Senate votes to overturn IRS guidance limiting donor disclosure

The Senate on Wednesday approved a Democratic resolution that would overturn IRS guidance reducing the amount of donor information that certain tax-exempt groups have to provide to the agency.

The measure, sponsored by Sens. Jon TesterJonathan (Jon) TesterNative American advocates question 2020 Democrats' commitment House Democrats targeting six more Trump districts for 2020 Budget deal sparks scramble to prevent shutdown MORE (D-Mont.) and Ron WydenRonald (Ron) Lee WydenWyden blasts FEC Republicans for blocking probe into NRA over possible Russia donations Wyden calls for end to political ad targeting on Facebook, Google Ex-CIA chief worries campaigns falling short on cybersecurity MORE (D-Ore.), was approved by 50-49 vote. Sen. Susan CollinsSusan Margaret CollinsAn ode to Joe Manchin's patriotism on his birthday Susan Collins challenger hit with ethics complaints over reimbursements Overnight Health Care: Insurance lobby chief calls Biden, Sanders health plans 'similarly bad' | Trump officials appeal drug price disclosure ruling | Study finds 1 in 7 people ration diabetes medicine due to cost MORE (R-Maine) joined with Democrats in supporting the resolution, and Sen. Thom TillisThomas (Thom) Roland TillisThe United States broken patent system is getting worse Gun reform groups to pressure GOP senators with rallies in all 50 states To cash in on innovation, remove market barriers for advanced energy technologies MORE (R-N.C.) didn’t vote.

The measure now moves to the House, but a GOP aide said House Republicans aren't planning to hold a vote on it this year. Even if the House approves it, President TrumpDonald John TrumpGraham: America must 'accept the pain that comes in standing up to China' Weld 'thrilled' more Republicans are challenging Trump New data challenges Trump's economic narrative MORE would likely veto the resolution.


Tester and Wyden offered the resolution under the Congressional Review Act (CRA), which allows lawmakers to disapprove of recent guidance from federal agencies. Senators can make a motion to proceed to a CRA resolution if the measure has written support from at least 30 senators.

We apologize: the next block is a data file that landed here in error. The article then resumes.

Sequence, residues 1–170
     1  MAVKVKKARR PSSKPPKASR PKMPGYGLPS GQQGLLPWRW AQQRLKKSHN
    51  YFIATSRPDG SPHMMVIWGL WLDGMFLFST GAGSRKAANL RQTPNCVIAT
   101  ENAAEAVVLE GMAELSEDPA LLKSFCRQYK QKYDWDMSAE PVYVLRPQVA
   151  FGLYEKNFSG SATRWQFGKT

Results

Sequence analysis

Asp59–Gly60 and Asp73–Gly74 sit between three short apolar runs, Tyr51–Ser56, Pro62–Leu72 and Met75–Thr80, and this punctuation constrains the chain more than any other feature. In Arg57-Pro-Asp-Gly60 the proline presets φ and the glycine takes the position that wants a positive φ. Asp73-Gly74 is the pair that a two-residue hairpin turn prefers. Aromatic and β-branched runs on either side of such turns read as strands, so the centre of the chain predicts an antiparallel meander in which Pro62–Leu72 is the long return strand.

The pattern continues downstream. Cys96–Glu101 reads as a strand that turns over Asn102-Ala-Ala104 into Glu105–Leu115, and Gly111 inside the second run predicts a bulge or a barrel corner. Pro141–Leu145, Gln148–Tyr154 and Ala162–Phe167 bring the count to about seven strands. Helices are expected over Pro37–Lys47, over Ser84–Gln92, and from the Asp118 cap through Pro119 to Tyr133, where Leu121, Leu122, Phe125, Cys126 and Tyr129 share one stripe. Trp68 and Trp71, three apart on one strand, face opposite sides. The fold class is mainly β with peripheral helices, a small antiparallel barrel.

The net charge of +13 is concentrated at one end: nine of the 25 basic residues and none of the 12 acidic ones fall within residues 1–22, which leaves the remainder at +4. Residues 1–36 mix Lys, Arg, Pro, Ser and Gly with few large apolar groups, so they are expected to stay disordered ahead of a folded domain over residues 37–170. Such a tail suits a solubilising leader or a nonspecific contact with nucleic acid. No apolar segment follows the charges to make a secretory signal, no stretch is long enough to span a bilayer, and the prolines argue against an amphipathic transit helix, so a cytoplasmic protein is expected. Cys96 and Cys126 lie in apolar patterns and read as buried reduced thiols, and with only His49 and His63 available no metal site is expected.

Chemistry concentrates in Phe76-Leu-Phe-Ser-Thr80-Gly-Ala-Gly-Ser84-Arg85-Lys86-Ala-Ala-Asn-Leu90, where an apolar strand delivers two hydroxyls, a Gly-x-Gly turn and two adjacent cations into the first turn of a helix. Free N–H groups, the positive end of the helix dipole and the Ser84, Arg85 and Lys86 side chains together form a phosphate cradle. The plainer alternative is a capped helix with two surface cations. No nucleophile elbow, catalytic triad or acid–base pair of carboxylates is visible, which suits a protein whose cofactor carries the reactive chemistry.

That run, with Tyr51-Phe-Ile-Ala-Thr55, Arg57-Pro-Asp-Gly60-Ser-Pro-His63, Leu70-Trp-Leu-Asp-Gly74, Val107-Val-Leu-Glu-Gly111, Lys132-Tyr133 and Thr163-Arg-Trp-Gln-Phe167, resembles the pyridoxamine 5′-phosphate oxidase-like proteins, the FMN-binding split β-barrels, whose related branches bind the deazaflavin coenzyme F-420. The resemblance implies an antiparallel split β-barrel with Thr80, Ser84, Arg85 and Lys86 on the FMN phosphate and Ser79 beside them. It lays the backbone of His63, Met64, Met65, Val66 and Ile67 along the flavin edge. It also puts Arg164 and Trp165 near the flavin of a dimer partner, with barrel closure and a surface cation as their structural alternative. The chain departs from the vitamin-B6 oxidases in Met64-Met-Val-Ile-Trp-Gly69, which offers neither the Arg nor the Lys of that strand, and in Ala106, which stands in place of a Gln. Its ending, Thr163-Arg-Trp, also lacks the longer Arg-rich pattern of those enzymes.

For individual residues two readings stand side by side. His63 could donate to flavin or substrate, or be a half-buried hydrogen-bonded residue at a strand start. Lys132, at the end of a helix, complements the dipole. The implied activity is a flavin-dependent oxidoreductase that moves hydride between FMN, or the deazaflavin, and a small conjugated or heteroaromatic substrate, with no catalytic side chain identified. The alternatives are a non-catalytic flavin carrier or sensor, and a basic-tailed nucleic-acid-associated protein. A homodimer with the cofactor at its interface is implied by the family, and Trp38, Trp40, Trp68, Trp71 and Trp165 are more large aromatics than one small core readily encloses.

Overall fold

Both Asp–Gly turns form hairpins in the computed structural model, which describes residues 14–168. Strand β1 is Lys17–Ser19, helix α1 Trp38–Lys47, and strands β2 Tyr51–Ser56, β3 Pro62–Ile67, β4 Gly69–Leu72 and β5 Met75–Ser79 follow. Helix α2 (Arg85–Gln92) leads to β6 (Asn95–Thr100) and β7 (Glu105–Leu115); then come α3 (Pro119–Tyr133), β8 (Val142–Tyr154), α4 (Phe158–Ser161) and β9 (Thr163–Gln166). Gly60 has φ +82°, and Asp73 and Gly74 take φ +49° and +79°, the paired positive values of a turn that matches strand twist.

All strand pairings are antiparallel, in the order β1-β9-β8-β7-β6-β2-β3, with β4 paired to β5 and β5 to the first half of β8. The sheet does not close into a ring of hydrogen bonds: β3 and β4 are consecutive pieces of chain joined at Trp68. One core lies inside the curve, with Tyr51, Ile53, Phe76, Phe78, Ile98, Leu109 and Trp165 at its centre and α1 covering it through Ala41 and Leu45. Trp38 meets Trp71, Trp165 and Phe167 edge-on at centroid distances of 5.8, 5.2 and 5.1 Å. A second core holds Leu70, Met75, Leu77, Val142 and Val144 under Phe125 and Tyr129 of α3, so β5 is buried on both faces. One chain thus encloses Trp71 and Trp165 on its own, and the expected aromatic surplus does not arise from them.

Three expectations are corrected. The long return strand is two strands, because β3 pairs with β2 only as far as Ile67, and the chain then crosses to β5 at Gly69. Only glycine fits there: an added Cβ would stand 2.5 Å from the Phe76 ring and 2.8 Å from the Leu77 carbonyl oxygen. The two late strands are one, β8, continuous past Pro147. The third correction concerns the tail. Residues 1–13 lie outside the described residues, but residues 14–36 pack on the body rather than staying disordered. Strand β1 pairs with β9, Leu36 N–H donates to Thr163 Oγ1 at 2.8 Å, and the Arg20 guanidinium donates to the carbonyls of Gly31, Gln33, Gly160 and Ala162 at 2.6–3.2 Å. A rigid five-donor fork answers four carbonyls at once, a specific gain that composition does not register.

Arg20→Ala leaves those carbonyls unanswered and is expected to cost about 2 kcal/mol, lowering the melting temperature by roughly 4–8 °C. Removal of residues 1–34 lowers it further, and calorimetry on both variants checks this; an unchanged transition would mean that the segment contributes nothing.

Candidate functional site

The IRS and Treasury Department in July released guidance that ended a requirement for certain tax-exempt groups to provide the IRS with the names and addresses of major donors on an annual basis. Groups that no longer have to provide the information include social-welfare organizations such as Americans for Prosperity, the National Rifle Association and the American Civil Liberties Union, as well as labor unions and business groups.

Democrats have been strongly opposed to the guidance and are concerned it could lead to an influx of “dark money” donations by foreign governments in U.S. politics.

“The rule change the Trump administration pushed through this summer is not about sunlight, it’s all about darkness. It’s about secrecy,” Wyden said Wednesday. “It’s about giving the well-connected even more of a say in how American government works.”

Tester said the Trump administration’s policy “created another safe haven for this country’s wealthiest donors to hide in the shadows while they pull the levers of power in our democracy.”

The administration and GOP lawmakers have cheered the guidance, saying it helps protect taxpayer privacy, is not needed for tax enforcement and helps prevent taxpayers from being targeted for their political beliefs.

“In a climate that is increasingly hostile to certain kinds of political expression and open debate, the last thing Washington needs to do is to chill the exercise of free speech and add to the sense of intimidation,” said Senate Majority Leader Mitch McConnellAddison (Mitch) Mitchell McConnellTwo years after Harvey's devastation, the wake-up call has not been heeded McGrath releases ad blasting McConnell with coal miners in Kentucky: 'Which side are you on?' Prediction: 2020 election is set to be hacked, if we don't act fast MORE (R-Ky.).

--Updated at 2:22 p.m.